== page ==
Skewed zeal, priorities

/ 09:08 AM May 02, 2019

Who is Eduardo Acierto, and why is he suddenly the most wanted man under the Duterte administration?

A bounty of P10 million has been offered by Malacañang for the capture of the police officer, one of several individuals accused of involvement in the controversial case of “shabu” that slipped through Customs via magnetic lifters.


Aside from Acierto, there are seven other people under indictment: former customs intelligence officer Jimmy Guban and former Philippine Drug Enforcement Agency deputy director for administration Ismael Fajardo; importers Chan Yee Wah, alias KC Chan, and Zhou Quan, alias Zhang Quan; consignees Vedasto Cabral Baraquel Jr. and Maria Lagrimas Catipan of Vecaba Trading; and Emily Luquingan.

But only Acierto has earned the dubious distinction of an astronomical sum of money placed on his head, indicating the level of urgency and top priority the police have placed on his capture.


Contrast that unprecedented bounty, for instance, with the reward that was offered for alleged drug lord Peter Lim: a measly P500,000. Lim, the subject of an arrest warrant since 2017, has yet to be found.

In 2017, President Duterte also offered P3 million for the capture of cops involved in illegal drugs, and P2 million for cops involved in the Parojinog family raid-slay in Ozamiz City. And for the capture of Abu Sayyaf members behind a foiled terror attack in Bohol, the President promised P1 million each.

So what did Acierto do to deserve this much concentration of resources and firepower on the part of Malacañang and law-enforcement authorities?

It’s less likely his alleged participation in the drug smuggling case, and more his decision to go public with an explosive accusation: that he had submitted an intelligence report to top officials of the Duterte administration about the drug links of former presidential adviser for economic affairs Michael Yang, but which the President’s lieutenants uniformly ignored.

Mr. Duterte himself dismissed the claim, citing Yang’s friendship with Chinese Ambassador Zhao Jianhua as proof of the Chinese businessman’s innocence.

The President then turned on the tables on Acierto, publicly upbraiding him for corruption and treason for allegedly selling police firearms to communist rebels.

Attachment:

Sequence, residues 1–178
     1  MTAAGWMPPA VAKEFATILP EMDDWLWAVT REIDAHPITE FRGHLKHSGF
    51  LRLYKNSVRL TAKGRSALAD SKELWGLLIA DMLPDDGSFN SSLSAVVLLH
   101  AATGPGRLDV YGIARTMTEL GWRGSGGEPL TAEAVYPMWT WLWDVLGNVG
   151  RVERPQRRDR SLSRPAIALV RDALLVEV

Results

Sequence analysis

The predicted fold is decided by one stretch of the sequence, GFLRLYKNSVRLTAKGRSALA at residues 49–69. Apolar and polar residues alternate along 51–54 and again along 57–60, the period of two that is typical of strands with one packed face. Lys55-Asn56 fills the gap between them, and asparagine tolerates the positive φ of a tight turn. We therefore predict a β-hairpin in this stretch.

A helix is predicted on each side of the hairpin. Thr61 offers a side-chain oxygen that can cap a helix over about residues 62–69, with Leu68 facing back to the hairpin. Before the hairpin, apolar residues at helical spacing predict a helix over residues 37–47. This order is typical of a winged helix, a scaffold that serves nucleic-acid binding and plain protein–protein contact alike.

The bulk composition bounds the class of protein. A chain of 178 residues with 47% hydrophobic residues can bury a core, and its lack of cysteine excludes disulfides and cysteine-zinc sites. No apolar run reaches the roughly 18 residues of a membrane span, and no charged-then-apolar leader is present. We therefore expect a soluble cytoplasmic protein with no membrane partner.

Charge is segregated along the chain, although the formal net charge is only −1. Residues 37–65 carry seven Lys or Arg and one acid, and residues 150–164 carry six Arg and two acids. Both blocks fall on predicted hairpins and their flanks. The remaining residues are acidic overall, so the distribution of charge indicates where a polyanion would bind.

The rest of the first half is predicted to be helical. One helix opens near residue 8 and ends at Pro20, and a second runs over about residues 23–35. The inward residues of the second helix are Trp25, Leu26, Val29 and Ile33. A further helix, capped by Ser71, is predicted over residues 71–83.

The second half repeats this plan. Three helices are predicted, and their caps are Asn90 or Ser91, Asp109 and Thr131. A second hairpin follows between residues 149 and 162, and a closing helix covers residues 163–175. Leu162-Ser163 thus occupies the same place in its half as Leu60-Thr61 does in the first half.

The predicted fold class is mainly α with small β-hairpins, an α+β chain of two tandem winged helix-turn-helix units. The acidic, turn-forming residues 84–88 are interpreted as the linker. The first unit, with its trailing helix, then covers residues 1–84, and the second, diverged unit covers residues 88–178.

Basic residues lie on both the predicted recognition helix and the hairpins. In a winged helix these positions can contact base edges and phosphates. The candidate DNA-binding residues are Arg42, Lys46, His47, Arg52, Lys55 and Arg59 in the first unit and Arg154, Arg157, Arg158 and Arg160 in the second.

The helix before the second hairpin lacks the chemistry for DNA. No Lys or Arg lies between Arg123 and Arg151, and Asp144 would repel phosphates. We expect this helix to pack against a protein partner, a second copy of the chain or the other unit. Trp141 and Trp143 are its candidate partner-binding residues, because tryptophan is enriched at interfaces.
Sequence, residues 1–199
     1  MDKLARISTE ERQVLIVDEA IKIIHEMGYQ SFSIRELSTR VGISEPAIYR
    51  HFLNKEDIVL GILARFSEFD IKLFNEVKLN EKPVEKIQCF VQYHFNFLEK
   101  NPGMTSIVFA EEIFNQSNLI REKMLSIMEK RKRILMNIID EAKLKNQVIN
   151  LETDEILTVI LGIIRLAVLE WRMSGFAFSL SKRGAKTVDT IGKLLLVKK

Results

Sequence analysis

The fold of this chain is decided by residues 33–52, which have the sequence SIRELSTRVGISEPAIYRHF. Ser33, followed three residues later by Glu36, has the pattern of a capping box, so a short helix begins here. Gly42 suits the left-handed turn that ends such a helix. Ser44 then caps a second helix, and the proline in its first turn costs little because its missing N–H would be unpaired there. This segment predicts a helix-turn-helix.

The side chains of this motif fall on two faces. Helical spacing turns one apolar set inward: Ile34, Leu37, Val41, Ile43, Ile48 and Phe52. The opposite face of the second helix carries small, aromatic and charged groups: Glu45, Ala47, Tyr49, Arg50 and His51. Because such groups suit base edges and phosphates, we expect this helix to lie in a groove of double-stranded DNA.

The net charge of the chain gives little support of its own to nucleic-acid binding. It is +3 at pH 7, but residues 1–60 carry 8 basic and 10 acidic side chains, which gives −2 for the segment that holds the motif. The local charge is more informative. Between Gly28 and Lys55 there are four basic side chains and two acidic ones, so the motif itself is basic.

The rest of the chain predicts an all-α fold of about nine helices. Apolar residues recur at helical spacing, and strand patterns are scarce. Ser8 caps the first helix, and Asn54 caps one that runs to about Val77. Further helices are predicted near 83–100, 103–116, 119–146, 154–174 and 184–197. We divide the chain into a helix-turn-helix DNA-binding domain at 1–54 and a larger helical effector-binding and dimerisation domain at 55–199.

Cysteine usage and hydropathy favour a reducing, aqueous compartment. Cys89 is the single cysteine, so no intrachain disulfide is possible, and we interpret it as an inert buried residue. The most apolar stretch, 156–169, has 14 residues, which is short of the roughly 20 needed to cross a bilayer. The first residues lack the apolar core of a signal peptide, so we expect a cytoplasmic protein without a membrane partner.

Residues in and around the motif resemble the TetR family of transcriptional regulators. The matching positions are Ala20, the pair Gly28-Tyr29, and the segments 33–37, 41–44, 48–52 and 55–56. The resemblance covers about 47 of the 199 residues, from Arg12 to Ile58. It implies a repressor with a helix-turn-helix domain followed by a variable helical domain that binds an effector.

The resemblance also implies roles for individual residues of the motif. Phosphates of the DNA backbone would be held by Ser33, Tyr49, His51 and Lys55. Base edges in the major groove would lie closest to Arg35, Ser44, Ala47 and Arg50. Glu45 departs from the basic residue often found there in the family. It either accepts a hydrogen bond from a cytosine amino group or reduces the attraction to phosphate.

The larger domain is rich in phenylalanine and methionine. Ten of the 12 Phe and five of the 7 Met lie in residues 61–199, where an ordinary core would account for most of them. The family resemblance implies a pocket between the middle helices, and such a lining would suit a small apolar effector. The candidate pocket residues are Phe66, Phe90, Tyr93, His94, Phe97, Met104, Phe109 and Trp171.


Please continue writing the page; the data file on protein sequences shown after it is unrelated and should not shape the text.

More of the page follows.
In one speech, the President asked ominously: “Tanong ko ‘yung military and police, bakit buhay pa ‘yung put—inang ‘yan?  (Let me ask the military and police, why is this son of a bitch still alive?)”


Observers and the general public who saw shades of King Henry II’s “Will no one rid me of this troublesome priest!?” in that presidential harangue can’t be blamed for wondering why the President seemed to be all but suggesting shooting the messenger, instead of looking into the veracity of the message.

Why the unmistakable threat to a whistleblower who could perhaps, at the very least, shed light on how drug cartels might have infiltrated the circles of power? Wouldn’t that frightening possibility represent such an existential, nonnegotiable threat to the country’s well-being that it should trigger an unforgiving, top-to-bottom investigation — if the administration were serious enough about the so-called war on drugs it has waged with much blood and rancor these past years?

But it appears no such investigation is happening. Instead, what has become a top police priority is the grand manhunt for Acierto — rather than, say, for Lim and other big-time drug lords, or the perpetrators of the hundreds of unsolved drive-by shootings and extrajudicial killings still in the police files.

In fact, as if the Philippine National Police didn’t have enough on its hands, it declared it was also setting its sights on other targets: the supposed “enablers” and links of the mysterious “Bikoy” who, in a series of videos, has accused the President’s own family of drug ties, and the sundry journalists and human rights lawyers named in the “Oust Duterte” matrix recently released by the Palace.

But taking the cake is PNP chief Police Gen. Oscar Albayalde’s pronouncement that the police would probe as well the China telecom giant Huawei for possible spying, even as the company was reportedly the biggest sponsor in the PNP Anti-Cybercrime Group’s sixth National Anti-Cybercrime Summit held in March.

As wags would say about the PNP’s skewed sense of zeal and priorities: “Daming time!” But why time for running after people who have crossed the President like Acierto and media workers just doing their job, and not the criminals and assassins roaming the land with impunity? That’s the P10-million question.

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TAGS: Eduardo Acierto, Inquirer editorial, Rodrigo Duterte, shabu shipment, war on drugs
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